Current situation

Winter and spring see lots of controlled burns in Oregon to eliminate piles of woody debris left over after logging or thinning. Embers buried in the ashes of these pile burns can sometimes reignite even days after a fire appears to be out, especially if winds blow away ashy debris. The same winds can then fan smoldering embers back to life. That's why it's a good idea to keep checking old pile burns to ensure no hot spots have rekindled.

Wednesday, July 1, 2015

Tuesday Fires squelched by Douglas Forest Protective Association

The Douglas Forest Protective Association and local fire departments responded to two natural cover fires Tuesday afternoon.  

The first fire was reported at 1:50 p.m. near Highway 138 West, Mile Post 16.  A brushing crew in the area from the Douglas County Public Works Department and employees from ODOT worked on suppressing the fire before DFPA and Kellogg Volunteer Fire Department arrived on scene.  Firefighters were able to stop the fire spread at 1/2 acre.  Firefighters remained on scene until 6:00 p.m. securing fire trails and mopping up hot spots.  

Fire officials determined that the fire was caused by a holdover debris pile which was burned earlier this spring.  Fire official ask that anyone who has burned debris piles this past winter or spring, check the burned area for any remaining heat or smoke, as debris piles have the ability to smolder for long periods of time before popping back to life on hot, windy days.
As firefighters were responding to the fire on Highway 138 West, a second fire was reported at 1:55 p.m. at Cooper Creek Reservoir near Sutherlin.  Firefighters from DFPA, Douglas County Fire District #2, and Fair Oaks Rural Fire Department responded to the fire and stopped the spread at 1/10th of an acre.  

Fire officials determined that the Cooper Creek fire was started by juveniles playing with a lighter.
With hot, dry weather forecasted for the next week, fire officials ask that everyone know and follow the public use restrictions currently in effect.  Fire official says that the dry fuels in wildland areas are currently at conditions normally seen towards the end of July or early August.
For a complete list of public or industrial restrictions currently in effect, visit or call 541-672-0379.

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The purpose of this blog is to provide breaking news about wildfire activity on the forestlands protected by the Oregon Department of Forestry. We invite you to post questions or comments you have about current wildfires. Please keep your posts civil and free of profanity. You are also welcome to contact us by email at:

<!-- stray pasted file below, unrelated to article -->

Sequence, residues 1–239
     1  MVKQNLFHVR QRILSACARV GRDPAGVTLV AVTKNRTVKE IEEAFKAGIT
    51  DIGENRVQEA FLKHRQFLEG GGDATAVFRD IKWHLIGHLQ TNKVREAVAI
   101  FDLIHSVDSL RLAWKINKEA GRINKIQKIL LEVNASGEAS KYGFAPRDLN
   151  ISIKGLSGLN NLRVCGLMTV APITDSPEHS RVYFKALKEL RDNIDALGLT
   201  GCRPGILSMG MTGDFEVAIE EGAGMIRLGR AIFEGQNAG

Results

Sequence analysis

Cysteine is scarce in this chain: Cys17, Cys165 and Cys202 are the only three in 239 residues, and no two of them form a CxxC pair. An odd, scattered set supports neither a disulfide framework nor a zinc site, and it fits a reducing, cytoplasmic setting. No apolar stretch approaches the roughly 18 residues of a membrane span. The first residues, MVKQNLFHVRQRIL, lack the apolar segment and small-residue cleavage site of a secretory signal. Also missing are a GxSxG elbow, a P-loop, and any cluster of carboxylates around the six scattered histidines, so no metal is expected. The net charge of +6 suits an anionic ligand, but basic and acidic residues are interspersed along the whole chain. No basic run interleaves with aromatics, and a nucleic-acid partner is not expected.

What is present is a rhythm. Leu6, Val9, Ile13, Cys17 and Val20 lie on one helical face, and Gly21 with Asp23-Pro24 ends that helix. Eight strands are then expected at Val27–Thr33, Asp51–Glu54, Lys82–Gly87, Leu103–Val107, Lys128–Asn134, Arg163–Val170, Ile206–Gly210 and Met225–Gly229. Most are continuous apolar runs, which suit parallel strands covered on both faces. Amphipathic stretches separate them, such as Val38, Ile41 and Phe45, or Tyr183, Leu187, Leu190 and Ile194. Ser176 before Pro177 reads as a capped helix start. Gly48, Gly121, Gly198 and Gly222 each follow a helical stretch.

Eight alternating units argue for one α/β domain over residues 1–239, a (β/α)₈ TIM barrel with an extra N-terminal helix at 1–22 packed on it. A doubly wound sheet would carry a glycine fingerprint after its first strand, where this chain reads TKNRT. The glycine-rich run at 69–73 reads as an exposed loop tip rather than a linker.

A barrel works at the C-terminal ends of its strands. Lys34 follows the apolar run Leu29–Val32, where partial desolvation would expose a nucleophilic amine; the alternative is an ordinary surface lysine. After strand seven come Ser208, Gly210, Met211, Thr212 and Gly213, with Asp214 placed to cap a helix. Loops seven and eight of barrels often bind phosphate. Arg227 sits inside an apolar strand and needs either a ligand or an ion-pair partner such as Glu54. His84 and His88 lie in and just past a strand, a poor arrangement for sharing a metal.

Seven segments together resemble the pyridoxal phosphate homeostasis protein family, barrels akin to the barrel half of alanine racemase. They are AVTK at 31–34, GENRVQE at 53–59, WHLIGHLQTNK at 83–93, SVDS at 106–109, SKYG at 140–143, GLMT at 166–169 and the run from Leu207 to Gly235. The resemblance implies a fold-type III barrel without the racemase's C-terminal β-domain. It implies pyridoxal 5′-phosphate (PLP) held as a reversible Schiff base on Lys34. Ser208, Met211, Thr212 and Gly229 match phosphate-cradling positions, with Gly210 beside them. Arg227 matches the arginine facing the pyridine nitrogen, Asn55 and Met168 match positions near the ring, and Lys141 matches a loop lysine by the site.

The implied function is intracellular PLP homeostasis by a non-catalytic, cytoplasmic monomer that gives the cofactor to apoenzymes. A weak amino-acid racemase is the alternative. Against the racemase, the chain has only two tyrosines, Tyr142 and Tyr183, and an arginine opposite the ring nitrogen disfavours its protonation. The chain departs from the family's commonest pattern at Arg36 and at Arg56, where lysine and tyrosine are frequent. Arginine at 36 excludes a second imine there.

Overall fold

Current wildfire info

Cool, wet weather in the winter of 2016-17 ended Oregon's long drought and left a thick mountain snowpack. It didn't take long for that to melt and vegetation to dry out due to a series of heatwaves and a prolonged stretch of dry weather over the summer. As forest fuels dried, fires started and spread, many from lands adjacent to those protected by ODF, such as the Chetco Bar Fire in Curry County. That one fire accounted for 46% of the 47,537 acres of land protected by ODF which burned in 2017. Of fires originating on ODF-protected land, 95% were put out at less than 10 acres.

What we do

Protection jurisdiction

The Oregon Dept. of Forestry protects 16 million acres of private and public forestlands from wildfire. This includes all private forestlands in Oregon as well as state and local government-owned forests, along with 2.8 million acres of federal Bureau of Land Management lands in the western part of the state. In total there are about 30.4 million acres of forest in Oregon.

Fire suppression policy

The department fights fire aggressively, seeking to put out most fires at 10 acres or smaller. This approach minimizes damage to the timber resource and fish and wildlife habitat, and protects lives and property. It also saves money. While suppressing large fires can cost millions of dollars, economic and environmental damage from wildfires can be many times greater.


About Me

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Oregon Dept. of Forestry's public information officers in Salem, Ore., maintain this blog. During the wildfire season, we spend much of our time reporting on fires and firefighting to news media and the public.